Mental Health Support
14 Jan 2022

Hospital admissions among under-17s have risen by 41 per cent in one year with the NHS struggling to meet demand for treatment.

There has been a big surge in eating disorder cases during the COVID-19 pandemic, with NHS Digital data for England showing a sharp rise in hospital admissions in every area of the country – with higher numbers of hospital admissions in the south-east and south-west than in most other regions. 

The data, which covers the period from April to October 2021, reveals 4,238 hospital admissions for under-17s, an increase of 41 per cent from the same period in 2020. There was a total of 15,941 admissions in the same period for all age groups – with 5,941 admissions for anorexia and 3,263 for bulimia which were the top two reasons for hospitalisation. 

Among the under-17s, the 2021 figure for hospitalisation is a 69 per cent increase on the pre-pandemic year of 2019, which reported 2,508 admissions for the under-17s. 

Psychiatrists and charities working with eating disorders warn that these figures are only the “tip of the iceberg” with thousands more children needing support for eating disorders.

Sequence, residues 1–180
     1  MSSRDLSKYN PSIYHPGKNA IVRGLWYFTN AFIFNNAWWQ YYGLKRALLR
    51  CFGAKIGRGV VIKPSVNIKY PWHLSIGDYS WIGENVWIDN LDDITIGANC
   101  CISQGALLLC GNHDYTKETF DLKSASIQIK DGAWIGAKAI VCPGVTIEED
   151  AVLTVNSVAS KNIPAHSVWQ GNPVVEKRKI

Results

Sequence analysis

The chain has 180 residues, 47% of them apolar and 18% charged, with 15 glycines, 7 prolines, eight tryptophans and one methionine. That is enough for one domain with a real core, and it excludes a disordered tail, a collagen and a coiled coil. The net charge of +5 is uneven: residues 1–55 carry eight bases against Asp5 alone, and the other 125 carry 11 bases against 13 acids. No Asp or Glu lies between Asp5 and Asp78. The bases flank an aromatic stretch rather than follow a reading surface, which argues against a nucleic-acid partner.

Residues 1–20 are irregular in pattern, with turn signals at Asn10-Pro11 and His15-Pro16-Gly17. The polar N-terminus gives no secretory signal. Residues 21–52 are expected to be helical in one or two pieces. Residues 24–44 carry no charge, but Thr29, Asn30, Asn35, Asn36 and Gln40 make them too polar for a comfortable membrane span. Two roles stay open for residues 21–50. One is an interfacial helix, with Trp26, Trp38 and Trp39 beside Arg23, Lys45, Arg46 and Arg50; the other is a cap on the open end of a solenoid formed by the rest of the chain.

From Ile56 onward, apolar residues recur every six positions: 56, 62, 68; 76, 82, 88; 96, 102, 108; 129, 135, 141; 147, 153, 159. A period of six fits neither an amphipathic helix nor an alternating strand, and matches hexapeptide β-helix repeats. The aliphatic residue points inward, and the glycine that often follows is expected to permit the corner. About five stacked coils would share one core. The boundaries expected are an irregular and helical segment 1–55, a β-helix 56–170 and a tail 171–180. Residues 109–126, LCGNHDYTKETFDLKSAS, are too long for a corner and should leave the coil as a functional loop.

“The hidden epidemic of eating disorders has surged during the pandemic, with many community services now overstretched and unable to treat the sheer number of people needing help,” Dr Agnes Ayton, chair of the eating disorders faculty at the Royal College of Psychiatrists, told The Guardian. “Early intervention is key to preventing serious illness, which is why it’s crucial that the money announced by government reaches the frontline [quickly].” 

Meanwhile, Tom Quinn, director of external affairs at the eating disorders charity, Beat, emphasised that the rise in admissions illustrates that people aren’t getting the care and support they need in the community. 

“We know that accessing quality community treatment reduces the chances of somebody needing hospital care, and so the rise in admissions suggests that people aren’t getting the support they need quickly enough,” he told The Guardian, adding that the pandemic had had a devastating impact on people with eating disorders. 

“The number of hospital admissions is only the tip of the iceberg, and there are many other people needing support for eating disorders,” he concluded. 

If you are looking for mental health support, you can find local sources of support on this website. 

West Sussex Mind and Me Learning run a free e-learning course about eating disorders aimed at individuals and parents who want to gain a greater understanding of eating disorders and their causes and effects. It is also suitable for health and education, health and social care professionals as an introduction to this area.